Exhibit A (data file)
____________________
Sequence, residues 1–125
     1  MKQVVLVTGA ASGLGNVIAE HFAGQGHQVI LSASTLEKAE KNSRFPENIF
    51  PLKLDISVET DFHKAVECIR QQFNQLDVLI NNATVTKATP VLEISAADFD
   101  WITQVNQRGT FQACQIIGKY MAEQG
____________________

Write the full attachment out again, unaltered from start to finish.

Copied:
Sequence, residues 1–125
     1  MKQVVLVTGA ASGLGNVIAE HFAGQGHQVI LSASTLEKAE KNSRFPENIF
    51  PLKLDISVET DFHKAVECIR QQFNQLDVLI NNATVTKATP VLEISAADFD
   101  WITQVNQRGT FQACQIIGKY MAEQG